FDA Releases Factors for Determining High-Risk Status for Domestic Food Facilities
As we previously reported, the FDA Food Safety Modernization Act (“FSMA”) created many new obligations for both U.S. Food and Drug Administration (FDA) and the food industry. One such obligation is found in section 201 of the FSMA, “Targeting of Inspection Resources for Domestic Facilities, Foreign Facilities, and Ports of Entry.” This section requires that FDA inspect food facilities at a frequency based upon a facilitys status as either high-risk (“HR”) or non-high-risk (“NHR”). FDA has just published FDA Domestic Facility Risk Categorization for FY 2012, which sets out the criteria FDA will be using to determine whether a domestic food facility is HR or NHR.
Status as either HR or NHR will determine a food facilitys frequency of inspection by FDA. HR facilities must be inspected at least once in the first five years following enactment of the FSMA and then once every three years thereafter. NHR facilities, on the other hand, must be inspected only once in the first seven years following enactment of the FSMA and then once every five years thereafter. These are minimum guidelines and some facilities may be inspected more frequently.
In the FDA Domestic Facility Risk Categorization for FY 2012, FDA is identifying HR food facilities based on the six risk factors identified in section 421(a)(1) of the Food, Drug, and Cosmetic Act (“FDCA”), which are as follows:
- The known safety risks of the food manufactured, processed, packed, or held at the facility;
- The compliance history of a facility, including with regard to food recalls, outbreaks of foodborne illness, and violations of food safety standards;
- The rigor and effectiveness of the facilitys hazard analysis and risk-based preventive controls;
- Whether the food manufactured, processed, packed or held at the facility meets the criteria of priority under section 801(h)(1) of the FDCA, which relates to the prioritization to detect intentional adulteration in food offered for import into the U.S.;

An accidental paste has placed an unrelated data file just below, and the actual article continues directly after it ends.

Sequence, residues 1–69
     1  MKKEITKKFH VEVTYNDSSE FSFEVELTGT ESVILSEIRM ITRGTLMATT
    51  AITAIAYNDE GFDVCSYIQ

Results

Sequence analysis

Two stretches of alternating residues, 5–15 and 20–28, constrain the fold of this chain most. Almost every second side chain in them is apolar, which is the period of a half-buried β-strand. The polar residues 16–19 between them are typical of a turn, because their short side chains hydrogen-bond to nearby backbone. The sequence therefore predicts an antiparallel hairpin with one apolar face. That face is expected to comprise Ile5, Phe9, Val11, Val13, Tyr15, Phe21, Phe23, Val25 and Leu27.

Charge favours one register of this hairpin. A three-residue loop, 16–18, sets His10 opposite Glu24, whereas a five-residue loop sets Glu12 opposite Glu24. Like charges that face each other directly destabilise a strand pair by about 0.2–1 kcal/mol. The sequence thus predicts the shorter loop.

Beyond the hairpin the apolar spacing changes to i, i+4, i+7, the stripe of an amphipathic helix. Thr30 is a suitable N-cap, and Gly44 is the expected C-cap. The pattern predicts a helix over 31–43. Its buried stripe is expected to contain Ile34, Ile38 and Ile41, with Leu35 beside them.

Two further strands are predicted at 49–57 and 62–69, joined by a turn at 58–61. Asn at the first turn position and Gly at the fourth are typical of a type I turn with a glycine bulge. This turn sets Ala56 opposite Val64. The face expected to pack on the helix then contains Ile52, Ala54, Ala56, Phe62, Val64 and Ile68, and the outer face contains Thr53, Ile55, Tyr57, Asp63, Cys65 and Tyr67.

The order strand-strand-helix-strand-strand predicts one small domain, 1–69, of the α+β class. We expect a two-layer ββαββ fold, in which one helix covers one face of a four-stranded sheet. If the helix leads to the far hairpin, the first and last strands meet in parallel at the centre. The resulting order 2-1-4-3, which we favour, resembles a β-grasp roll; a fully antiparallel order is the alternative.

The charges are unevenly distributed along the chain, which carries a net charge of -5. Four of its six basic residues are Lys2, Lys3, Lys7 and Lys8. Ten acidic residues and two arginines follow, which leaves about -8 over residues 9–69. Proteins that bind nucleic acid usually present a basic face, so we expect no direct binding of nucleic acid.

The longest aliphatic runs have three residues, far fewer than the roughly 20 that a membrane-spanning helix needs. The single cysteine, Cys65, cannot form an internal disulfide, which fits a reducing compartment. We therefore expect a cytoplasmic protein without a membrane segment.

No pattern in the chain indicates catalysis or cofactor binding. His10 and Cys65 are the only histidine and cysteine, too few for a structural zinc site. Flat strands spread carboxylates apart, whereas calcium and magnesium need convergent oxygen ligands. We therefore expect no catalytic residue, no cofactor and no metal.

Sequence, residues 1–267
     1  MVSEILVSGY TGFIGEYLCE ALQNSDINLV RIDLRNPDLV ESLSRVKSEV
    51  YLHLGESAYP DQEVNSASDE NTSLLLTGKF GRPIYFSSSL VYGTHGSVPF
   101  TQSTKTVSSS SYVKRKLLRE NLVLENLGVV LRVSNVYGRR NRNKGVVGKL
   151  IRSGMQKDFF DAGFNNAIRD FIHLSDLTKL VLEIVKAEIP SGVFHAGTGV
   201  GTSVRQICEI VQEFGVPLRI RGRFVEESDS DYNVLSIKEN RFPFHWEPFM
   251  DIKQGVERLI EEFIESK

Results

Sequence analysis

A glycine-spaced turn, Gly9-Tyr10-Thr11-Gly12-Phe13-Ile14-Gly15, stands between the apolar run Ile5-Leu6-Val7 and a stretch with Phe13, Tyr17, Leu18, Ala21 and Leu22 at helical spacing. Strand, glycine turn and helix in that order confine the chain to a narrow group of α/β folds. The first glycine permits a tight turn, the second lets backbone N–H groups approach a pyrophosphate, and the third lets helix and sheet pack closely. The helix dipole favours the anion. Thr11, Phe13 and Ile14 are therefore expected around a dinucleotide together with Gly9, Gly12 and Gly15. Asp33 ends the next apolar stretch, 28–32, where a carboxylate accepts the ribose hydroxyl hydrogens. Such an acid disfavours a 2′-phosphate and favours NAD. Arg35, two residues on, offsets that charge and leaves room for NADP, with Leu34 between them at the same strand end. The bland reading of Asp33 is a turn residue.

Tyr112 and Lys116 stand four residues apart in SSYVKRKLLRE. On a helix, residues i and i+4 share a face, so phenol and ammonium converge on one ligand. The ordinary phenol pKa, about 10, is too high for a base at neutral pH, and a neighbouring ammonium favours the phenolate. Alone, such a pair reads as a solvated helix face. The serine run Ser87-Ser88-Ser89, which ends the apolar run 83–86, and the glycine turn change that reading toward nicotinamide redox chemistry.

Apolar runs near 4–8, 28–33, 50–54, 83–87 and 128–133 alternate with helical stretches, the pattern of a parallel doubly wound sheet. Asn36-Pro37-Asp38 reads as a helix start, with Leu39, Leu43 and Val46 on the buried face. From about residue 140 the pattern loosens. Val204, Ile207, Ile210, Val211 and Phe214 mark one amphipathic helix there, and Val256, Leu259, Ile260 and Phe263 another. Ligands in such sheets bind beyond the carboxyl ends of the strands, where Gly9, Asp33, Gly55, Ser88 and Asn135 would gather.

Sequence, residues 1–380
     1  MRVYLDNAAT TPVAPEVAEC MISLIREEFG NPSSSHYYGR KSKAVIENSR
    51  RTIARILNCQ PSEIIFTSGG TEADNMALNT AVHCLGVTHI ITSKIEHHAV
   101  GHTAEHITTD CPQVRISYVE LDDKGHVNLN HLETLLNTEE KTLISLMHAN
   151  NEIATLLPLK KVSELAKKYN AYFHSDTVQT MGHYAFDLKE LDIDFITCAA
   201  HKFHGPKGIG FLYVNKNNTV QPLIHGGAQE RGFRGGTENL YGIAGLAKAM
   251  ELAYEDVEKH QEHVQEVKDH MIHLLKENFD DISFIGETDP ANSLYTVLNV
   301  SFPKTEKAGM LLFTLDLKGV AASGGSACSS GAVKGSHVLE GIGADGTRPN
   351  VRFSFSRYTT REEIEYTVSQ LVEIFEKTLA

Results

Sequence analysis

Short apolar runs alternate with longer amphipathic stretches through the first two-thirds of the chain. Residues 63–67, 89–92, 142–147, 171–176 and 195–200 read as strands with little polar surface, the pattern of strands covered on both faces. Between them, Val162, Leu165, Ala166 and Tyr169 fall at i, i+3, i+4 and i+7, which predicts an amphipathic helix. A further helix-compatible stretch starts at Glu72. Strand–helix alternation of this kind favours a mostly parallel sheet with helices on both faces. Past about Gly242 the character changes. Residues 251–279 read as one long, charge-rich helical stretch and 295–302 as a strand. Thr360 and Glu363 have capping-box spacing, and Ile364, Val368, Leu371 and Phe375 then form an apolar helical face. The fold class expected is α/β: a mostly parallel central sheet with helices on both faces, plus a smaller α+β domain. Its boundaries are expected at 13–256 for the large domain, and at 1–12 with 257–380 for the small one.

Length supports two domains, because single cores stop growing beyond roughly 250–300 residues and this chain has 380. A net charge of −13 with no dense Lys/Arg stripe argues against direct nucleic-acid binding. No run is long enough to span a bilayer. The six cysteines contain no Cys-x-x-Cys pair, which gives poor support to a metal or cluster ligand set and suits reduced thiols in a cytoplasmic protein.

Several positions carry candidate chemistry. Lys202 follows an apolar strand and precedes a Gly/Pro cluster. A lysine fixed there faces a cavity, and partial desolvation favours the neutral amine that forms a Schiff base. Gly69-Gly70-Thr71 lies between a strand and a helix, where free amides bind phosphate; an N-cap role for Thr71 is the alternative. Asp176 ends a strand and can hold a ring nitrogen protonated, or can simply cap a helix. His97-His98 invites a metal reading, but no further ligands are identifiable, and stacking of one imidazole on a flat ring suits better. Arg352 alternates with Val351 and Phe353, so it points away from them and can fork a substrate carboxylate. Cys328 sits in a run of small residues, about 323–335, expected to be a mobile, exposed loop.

- Whether the food or the facility that manufactured, processed, packed, or held such food has received a certification as described in section 801(q) (for imported foods only) or 806 (voluntary qualified importer program) of the FDCA, as appropriate; and
- Any other criteria deemed necessary and appropriate by the FDA for purposes of allocating inspection resources.
However, for Fiscal Years (FY) 2011-13 for domestic food facilities, FDA is determining of whether a domestic food facility is HR based upon the following four factors:
- The known safety risks of the food manufactured, processed, packed, or held at the facility. The “known safety risks” of food “are based on broad, industry-level food commodity categories, e.g., bakery, leafy vegetables, spices.”
- The compliance history of a facility, including with regard to food recalls, outbreaks of foodborne illness, and violations of food safety standards. The “compliance history” of a facility is “based on inspection results for a facility from the previous five fiscal years.” Specifically, facilities with a history of non-compliance with food safety requirements, i.e., a history of three or more “Voluntary Action Indicated” (“VAI”) within the five year time period, and those facilities with food safety violations of regulatory significance, i.e., one or more “Official Action Indicated” (“OAI”) in the five year time period, will be categorized as an HR facility.
- The type of establishment and type of activity conducted at the facility (e.g., manufacture/processor, repacker/packer, etc.)
- The number of years since the last inspection.
The last two factors have been identified as “other criteria deemed necessary and appropriate” for purposes of allocating inspection resources.
As FDA implements the FSMA and gathers more information, FDA will most likely need to make modifications and adjustments for FY 2014. At this time, food facilities should begin to evaluate any known safety risks associated with the food they manufacture, process, pack or hold and understand whether they are likely to be categorized as HR or NHR.
Please contact us at (305) 350-5690 or email@example.com to learn more about how FDA may categorize your food facility or if you have any questions regarding FSMA.